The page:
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Thursday at the Hide , 17th February 2022

I would rather be amongst forest animals and the sound of nature, than amongst city traffic and the noise of man.”    Anthony D. Williams.

Ok , the window or to be more accurate a window of opportunity in between storms set to batter the U.K. over the next few days and my first chance to visit the hide this week. The weather has be awful, windy and very damp but what a difference a day makes. Today it’s a glorious bright and dark winters day. And I fully intend on making the most of this temporary window in the weather forecast.

One advantage of the inclement weather has been time , so we have had a little spring clean of the blog. We have simplified the menu choice and re written the location page. ( click here to have a look ) we have more locations in the pipeline and as usual if you have any thoughts or ideas please use the comment button to-get in touch.

And for once the elusive Jay decided to play ball. Posing on a log for at least three seconds ! ( a vast improvement on the normal nano second , and at last a few half decent images ) All the other usual suspects are here with the Robins , Great tits , Blue tits and Dunnock all visiting in large numbers. The Blacbirds have also been very active, perhaps taking advantage of the weather.  But there’s no doubt that the Jay has definitely been the star attraction.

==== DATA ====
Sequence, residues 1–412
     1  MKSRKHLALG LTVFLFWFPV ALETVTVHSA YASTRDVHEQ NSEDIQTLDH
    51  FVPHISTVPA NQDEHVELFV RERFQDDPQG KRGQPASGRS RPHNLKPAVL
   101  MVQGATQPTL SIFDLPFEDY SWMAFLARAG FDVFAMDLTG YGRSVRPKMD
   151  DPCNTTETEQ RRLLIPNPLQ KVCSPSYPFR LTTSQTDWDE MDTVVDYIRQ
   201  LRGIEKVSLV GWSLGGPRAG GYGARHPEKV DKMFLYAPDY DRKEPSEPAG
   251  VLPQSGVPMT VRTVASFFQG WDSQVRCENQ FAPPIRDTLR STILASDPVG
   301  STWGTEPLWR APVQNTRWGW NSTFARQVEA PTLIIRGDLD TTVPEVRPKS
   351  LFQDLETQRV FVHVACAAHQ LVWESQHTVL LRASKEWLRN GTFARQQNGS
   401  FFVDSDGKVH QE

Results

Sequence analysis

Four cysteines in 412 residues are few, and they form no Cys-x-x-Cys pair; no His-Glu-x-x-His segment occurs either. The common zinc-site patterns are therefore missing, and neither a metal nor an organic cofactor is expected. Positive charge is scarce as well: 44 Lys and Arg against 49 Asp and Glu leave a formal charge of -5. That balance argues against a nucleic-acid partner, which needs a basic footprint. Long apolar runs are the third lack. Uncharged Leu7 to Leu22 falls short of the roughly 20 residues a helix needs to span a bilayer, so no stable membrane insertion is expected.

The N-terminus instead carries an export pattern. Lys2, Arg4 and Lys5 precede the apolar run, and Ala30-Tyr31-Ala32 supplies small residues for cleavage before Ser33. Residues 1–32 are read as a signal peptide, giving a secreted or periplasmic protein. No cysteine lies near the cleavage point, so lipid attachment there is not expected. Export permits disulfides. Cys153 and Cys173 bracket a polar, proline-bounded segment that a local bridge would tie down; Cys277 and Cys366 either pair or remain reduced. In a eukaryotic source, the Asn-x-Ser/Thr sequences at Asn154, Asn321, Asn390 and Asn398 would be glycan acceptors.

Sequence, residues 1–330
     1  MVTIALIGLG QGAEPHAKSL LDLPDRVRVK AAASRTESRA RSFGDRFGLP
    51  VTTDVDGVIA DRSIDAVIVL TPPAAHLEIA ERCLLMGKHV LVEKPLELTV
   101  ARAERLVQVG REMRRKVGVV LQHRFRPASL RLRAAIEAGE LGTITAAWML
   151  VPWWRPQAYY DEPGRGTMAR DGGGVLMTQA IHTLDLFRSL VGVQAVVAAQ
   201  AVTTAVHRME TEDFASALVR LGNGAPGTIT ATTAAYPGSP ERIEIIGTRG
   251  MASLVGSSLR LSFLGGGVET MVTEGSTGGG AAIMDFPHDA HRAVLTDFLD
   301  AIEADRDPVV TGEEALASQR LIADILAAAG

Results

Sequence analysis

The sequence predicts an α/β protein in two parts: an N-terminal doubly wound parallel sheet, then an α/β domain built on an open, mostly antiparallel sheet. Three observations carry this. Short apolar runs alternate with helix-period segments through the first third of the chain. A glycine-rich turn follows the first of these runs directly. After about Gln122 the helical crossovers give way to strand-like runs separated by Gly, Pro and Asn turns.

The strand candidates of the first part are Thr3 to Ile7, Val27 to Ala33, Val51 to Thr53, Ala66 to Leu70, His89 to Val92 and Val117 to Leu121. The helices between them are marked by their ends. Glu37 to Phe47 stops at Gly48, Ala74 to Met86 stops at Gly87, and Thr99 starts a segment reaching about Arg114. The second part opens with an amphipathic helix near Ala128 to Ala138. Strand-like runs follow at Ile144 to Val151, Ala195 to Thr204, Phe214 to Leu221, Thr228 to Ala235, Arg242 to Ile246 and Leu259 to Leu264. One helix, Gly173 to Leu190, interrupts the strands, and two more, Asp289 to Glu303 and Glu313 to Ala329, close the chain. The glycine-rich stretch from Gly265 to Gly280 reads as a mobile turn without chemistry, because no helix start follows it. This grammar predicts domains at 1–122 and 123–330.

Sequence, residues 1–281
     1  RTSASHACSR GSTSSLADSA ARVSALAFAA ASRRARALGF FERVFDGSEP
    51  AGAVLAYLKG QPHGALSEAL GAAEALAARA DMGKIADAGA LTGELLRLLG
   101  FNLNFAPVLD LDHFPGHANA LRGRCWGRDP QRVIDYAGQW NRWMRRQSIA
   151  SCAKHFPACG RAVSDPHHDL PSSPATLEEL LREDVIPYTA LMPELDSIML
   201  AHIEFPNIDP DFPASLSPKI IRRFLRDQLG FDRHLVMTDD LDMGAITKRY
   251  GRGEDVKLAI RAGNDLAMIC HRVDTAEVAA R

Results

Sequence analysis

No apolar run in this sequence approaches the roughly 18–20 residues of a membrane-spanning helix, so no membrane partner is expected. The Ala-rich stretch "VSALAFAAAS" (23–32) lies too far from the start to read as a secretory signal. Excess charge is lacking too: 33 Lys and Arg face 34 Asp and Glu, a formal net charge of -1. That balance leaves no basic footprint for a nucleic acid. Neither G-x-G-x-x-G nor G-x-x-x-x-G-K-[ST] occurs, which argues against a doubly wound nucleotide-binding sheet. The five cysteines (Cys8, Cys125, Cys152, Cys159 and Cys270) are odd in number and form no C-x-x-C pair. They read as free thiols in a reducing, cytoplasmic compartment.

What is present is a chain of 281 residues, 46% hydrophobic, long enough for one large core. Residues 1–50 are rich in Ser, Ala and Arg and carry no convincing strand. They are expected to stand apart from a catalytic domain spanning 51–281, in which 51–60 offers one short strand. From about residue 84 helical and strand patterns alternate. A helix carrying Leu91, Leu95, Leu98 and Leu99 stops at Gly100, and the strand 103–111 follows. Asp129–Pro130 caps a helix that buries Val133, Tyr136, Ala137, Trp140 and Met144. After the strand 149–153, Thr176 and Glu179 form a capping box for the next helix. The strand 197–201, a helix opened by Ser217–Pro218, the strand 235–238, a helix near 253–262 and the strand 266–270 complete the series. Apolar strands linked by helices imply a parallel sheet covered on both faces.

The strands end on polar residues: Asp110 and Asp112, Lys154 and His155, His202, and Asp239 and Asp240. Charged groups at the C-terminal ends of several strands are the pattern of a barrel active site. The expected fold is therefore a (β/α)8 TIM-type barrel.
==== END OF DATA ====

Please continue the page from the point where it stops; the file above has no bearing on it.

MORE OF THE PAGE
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The Mole , Talpa euopaea Moles are a regular visitor at the Meadow Hide , we have never seen one which is normal but the evident there , with their distinctive mole hills periodically appearing in the grass path to the hide. The mole is a small mammal that spends most of it’s life underground…


Slow worm , Anguis fragilis With long, smooth, shiny, grey or brown bodies, slow worms look very similar to a small snakes and can grow up to 50cm long. In fact the Slow worm is a legless lizard , and are quite harmless to humans. Slow worms like humid conditions and emerge from their hiding…


The Reeves Muntjac (   Muntiacus reevesi )  is a small stocky deer , with a distinctive haunched appearance , with a rusty brown coat which turns  a dull shade of grey in winter. The Muntjac was named in 1812 after John Reeves of the East India Company. This non native species originated in south east Asia and was introduced to…

©️ wildonline 2022

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